The Xenon Codex



by Hoppoman USER (46 Reviews)
May 21st, 2013 | 7 replies

Release Date: 1988 | Tracklist

Review Summary: Hawkwind's last outing of the 80's is decidedly mixed.

Hawkwind – A trip through Space, Part XV Another Decade Down

Hawkwind, for a variety of reasons, began to slow down their output during the 1980s. Xenon Codex was released in 1988 and would be the last album from the band during the 80s. A decade marked with near misses and lost potential, the curse of the 80s would continue on to this album. An album which screams 'so close' so many times it is a sad farce.

Hawkwind on this album are:

Dave Brock – electric guitar, keyboards, vocals
Harvey Bainbridge – keyboards, vocals
Huw Lloyd-Langton – electric guitar
Alan Davey – bass guitar, vocals
Danny Thompson Jr – drums

Xenon Codex isn't a bad album by any stretch of the imagination. But it is remarkably inconsistent in its outgoings. 'The War I Survived' is an excellent little 80s Hawk rocker, and sets up the listener for something more. But like a magician who performs his best trick first to bring the audience in, the album leaves you wanting for more at several points.

As said above, 'The War I Survived' is a brilliant song, in addition to this are the tracks 'Lost Chronicles' and 'Sword of the East'. 'Lost Chronicles' is a song written by bassist turned keyboardist Harvey Bainbridge, and like any of his work with Hawkwind, the music is terribly superb with a chilling keyboard introduction followed by excellent guitar work from Langton. But then the rest of the band join in and absolutely ruin the last few moments of the track with the difference in their style.

The major issue with Hawkwind at this point was song writing, as apart from Bainbridge, Davey and occasionally Langton no one else was very good at it. Even to the point that two of the songs were written by a fan of the band (talk about interacting with your fan base). So on this album, you have good songs written by the aforementioned, and not so good songs written by everyone else. This makes Xenon Codex a mixed bag at the best of times.

When the album doesn't stand out, it appears stale and bland. This is a common side effect of Hawkwind material from this time period unfortunately, due to the fact that they have appeared to have expired all their creative material at this point. Which is a shame, because this band has so much to offer. Everyone has talent, and you can sometimes hear it peeking out from behind the music. But no one seems to have the energy to blast out from behind this wall of mediocrity, which is disappointing.

In the end, Xenon Codex gives out exactly what has been put in. There is some good music to be found here, particularly on the better written songs, which really stand out amongst the rest of the record. But they are only a third of the final product, and it is the final product which must be judged. Hawkwind have given us three sparkling jewels which have been buried in a massive bucket of fecal matter. In addition they have given you a spoon and you must eat your way to them. If you spare the time and effort to give the album a spin, you will be both impressed and disappointed in equal measure, which is unfortunate.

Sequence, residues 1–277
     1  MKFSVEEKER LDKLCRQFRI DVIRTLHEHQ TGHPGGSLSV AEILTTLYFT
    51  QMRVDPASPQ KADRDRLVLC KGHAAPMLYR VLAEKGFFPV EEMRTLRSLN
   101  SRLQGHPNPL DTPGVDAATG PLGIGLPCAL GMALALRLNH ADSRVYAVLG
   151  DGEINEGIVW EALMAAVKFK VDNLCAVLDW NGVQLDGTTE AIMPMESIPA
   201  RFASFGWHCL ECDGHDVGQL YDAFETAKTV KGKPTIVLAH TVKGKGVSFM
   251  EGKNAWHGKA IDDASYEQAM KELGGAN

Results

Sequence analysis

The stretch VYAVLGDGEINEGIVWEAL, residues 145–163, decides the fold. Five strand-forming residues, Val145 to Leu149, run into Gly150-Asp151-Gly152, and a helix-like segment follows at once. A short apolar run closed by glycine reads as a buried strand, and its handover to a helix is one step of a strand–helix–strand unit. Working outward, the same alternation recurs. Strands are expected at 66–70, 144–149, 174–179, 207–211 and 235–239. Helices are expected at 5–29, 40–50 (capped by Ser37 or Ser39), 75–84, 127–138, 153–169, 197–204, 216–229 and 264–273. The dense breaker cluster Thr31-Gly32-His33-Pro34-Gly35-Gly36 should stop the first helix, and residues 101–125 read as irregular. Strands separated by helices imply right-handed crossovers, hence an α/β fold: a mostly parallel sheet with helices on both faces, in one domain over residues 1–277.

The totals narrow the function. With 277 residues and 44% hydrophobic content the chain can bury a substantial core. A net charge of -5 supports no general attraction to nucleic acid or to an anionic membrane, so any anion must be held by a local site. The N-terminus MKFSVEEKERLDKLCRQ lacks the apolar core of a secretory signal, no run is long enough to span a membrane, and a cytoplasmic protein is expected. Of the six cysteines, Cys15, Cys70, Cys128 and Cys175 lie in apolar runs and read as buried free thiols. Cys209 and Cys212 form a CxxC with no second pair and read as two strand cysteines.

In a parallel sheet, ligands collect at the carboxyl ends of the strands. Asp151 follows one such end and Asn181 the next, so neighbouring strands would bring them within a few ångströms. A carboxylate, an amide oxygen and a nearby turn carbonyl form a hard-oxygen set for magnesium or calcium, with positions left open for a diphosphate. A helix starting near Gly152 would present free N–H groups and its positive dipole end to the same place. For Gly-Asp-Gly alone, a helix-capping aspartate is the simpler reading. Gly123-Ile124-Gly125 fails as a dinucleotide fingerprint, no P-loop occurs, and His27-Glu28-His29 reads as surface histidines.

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user ratings (18)

Comments:Add a Comment 
May 21st 2013


Album Rating: 2.5

Larger gap between the reviews than I would have liked, but real life caught up to me for a while.

May 22nd 2013


I really enjoy how this discog review's going, and sweet review bro!

I need to check out more Hawkwind, I've only listened to their 70's classics thus far

May 22nd 2013


Album Rating: 2.5

Their 80s stuff has more variety in it.

Its just a case of finding the good stuff and taking it away from the bad.

May 22nd 2013


That finishing metaphor is amazing...

"them album" should be "the album" though

May 22nd 2013


Album Rating: 2.5

Fixed and sorted. Thank you for noticing

May 8th 2017


Album Rating: 4.5

Please someone give this a positive review.

July 26th 2017


Album Rating: 3.0

A nice strong album to end the decade! Too bad it was not more of a chart hit. Huw Lloyd-Langton (RIP) only has one writing credit and would depart Hawkwind after the 88-89 tour. He would contribute as a guest musician on future albums, but would never return as a full member. The disk starts with the kick-butt The War I Survived with lyrics inspired by Kurt Vonnegut's Slaughterhouse 5. This is a classic Hawkwind rocker and it’s followed by the excellent atmospheric instrumental Wastelands of Sleep. The pumping Neon Skyline continues the strong album flow right into Lost Chronicles –another atmospheric and effective instrumental. Tides is up next with some excellent guitar work from Huw (great tone!). Mutation Zone is a cacophony with rant added by Harvey –not a favorite and the first misstep of the album. EMC is another Harvey song with some voice sampling over a chugging Brock guitar –pretty nice! Sword of The East Is a Davey track that rocks hard and became a popular live song. Good Evening is a punkish song that ends the album on a WTF note. The production of this album is probably one of the weakest from any of their 80s albums –echoey sound, booming, metronomic drums at 4/4 with unimaginative fills –but fortunately strong guitar sound throughout. The bonus live tracks are pretty good too; I have them from the Undisclosed File Addendum live album (released in ’95).

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